I have met many interesting business leaders over the years. The difference between the average and the great was how they saw themselves and the role they thought they had to play within their company. My conclusion: The people who saw themselves as the smartest man (or girl) in the room, who had to control all decision-making in the company, are the ones who achieved the least success and ultimately alienated their colleagues the most. Allow me to explain further so that you don’t repeat the same mistakes.
The Smartest Man in the Room – Meet Bob
Meet Bob, the CEO of the hypothetical ABC Corporation. There is no one in the company’s opinion that he values more than his own. He doesn’t trust his staff to make the tough decisions. He likes to hear himself talk. New ideas are not good until he has come up with them. He likes to micro-manage every decision. He “knows it all”, regardless of the subject, and would never hire someone smarter than himself so as not to look stupid. The company’s revenue just isn’t growing and Bob has no idea why.
The response of Bob .’s employees
Nobody likes working for Bob, they honestly think he’s an asshole. They have given up bringing in new ideas because they are tired of being rejected again and again. Frankly they don’t care about the company, and just keep going with the job, most likely keep their ears open for new job openings as this company has very high employee turnover, low morale and bad culture, which trickled from top to bottom down.
The smartest manager in the room: meet Betty
On the other hand, meet Betty, the CEO of hypothetical XYZ Company. Betty knows the value of knowing when to shut up and listen to the ideas of her staff. She empowers her company’s leaders to make all the important decisions themselves. And frankly, she listens a lot more than she speaks. Which weighs more when she actually speaks. She’s not focused on managing the details of every decision in the business, relying on her team to make those decisions — a team she’s recruited as smarter than herself and experts in their field, far more than herself. The company’s revenues are flourishing.
The reaction of Betty’s employees
Everyone enjoys working for Betty because it is important to them that their ideas are listened to and acted upon. And they love working for the company, alongside a staff of equally happy employees who have built a great camaraderie, culture and team. They wouldn’t think of leaving the company because they enjoy growing their ‘rocket ship’ and love their job.
Be Betty, not Bob
The moral of the story here: be more like Betty, not Bob. If at any point you read Bob’s description above and say, “yeah, that sounds kind of like me and my management style,” then you’ve got a huge problem in your business. . . YOU!! The problem is, most of the “Bobs” in the world don’t even know they’re behaving like this. So what you really need to do is do an outsider survey of your employees and let them tell you exactly what they think of you, your management style and the company. That’s the only way you can learn good lessons so you can improve yourself and the company in the process. And if you read Betty’s description above and say, “yeah, that kinda sounds like me,” keep it up.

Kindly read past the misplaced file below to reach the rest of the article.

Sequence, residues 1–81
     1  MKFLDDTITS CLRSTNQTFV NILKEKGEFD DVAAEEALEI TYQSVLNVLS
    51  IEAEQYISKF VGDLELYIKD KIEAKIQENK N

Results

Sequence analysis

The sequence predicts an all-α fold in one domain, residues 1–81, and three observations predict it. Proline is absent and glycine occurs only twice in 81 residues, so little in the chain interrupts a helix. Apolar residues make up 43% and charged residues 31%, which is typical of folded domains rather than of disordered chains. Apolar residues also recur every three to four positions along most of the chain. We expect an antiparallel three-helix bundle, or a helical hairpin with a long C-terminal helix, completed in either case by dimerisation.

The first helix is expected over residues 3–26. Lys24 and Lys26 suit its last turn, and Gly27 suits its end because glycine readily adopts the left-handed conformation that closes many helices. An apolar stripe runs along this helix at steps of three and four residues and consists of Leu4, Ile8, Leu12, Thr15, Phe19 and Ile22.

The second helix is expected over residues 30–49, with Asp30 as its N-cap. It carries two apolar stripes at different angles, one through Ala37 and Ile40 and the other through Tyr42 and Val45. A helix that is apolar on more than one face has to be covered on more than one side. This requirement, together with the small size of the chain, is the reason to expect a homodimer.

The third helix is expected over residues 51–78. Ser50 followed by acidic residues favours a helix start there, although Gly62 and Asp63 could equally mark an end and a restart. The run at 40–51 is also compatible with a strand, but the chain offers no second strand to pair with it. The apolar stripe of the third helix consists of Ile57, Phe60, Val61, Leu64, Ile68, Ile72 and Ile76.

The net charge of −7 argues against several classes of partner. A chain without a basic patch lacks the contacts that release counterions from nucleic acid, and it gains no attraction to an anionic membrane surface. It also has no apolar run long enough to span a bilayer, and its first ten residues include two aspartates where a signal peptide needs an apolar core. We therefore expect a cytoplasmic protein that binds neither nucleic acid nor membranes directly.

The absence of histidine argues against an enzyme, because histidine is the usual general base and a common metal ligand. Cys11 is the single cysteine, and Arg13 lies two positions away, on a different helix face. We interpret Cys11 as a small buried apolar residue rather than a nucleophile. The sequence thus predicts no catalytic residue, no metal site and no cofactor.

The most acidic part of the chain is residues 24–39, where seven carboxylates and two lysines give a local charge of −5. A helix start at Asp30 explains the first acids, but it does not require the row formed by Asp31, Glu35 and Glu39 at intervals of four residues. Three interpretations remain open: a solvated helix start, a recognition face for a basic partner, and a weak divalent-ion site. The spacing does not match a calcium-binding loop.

Hire smarter than yourself
If you’re hiring talent, leave your ego at the door. If the candidate is smarter than you, that’s a good thing. You want the smartest people to run the business. Don’t be intimidated by them and don’t worry about what your staff will think compared to you. A smart employee will realize that you were the one who found such a great talent, and will give you credit for the hiring. No, think less about you. You need to hire the BEST talent you can find and afford every time. How they relate to you is absolutely irrelevant.
Empower your people
When you micromanage every decision within the company, you are not focused where you should be. A good CEO will hire a strong senior team they trust to make the day-to-day decisions of the company after pointing them in the right direction. And that will free up your time to better focus on more strategic areas of the business, which can propel the business to new heights. And along the way, your employees will love, empower and trust you to do their job, with limited supervision. But that only works if you hire the brightest talent you can find. So don’t be a dime wise and don’t be a pound of fool. Invest in your talent to give the company the best chance of success.
Listen more, speak less
We’ve all been in the room with the “blow hard” CEO who likes to hear himself talk, and speaks for 90% of the available minutes for a meeting. It’s just exhausting as a listener, and everyone just tunes them in, which defeats the purpose of the meeting in the first place. Instead, turn that around – speak 10% of the time. But don’t make all the decisions in the room, ask the probing questions that will get everyone’s creative juices flowing so the best decisions can be made collectively. That is so much more refreshing for both the staff and the business.
As you can see I feel pretty strong on this topic. Partly because I have seen this scenario play out time and again in many companies. And partly because I’ve seen myself mature as a leader the older I got, over time replacing many of my previous “bad habits” with “good habits.” So rethink your management style and hiring approach and good things should happen for you too!!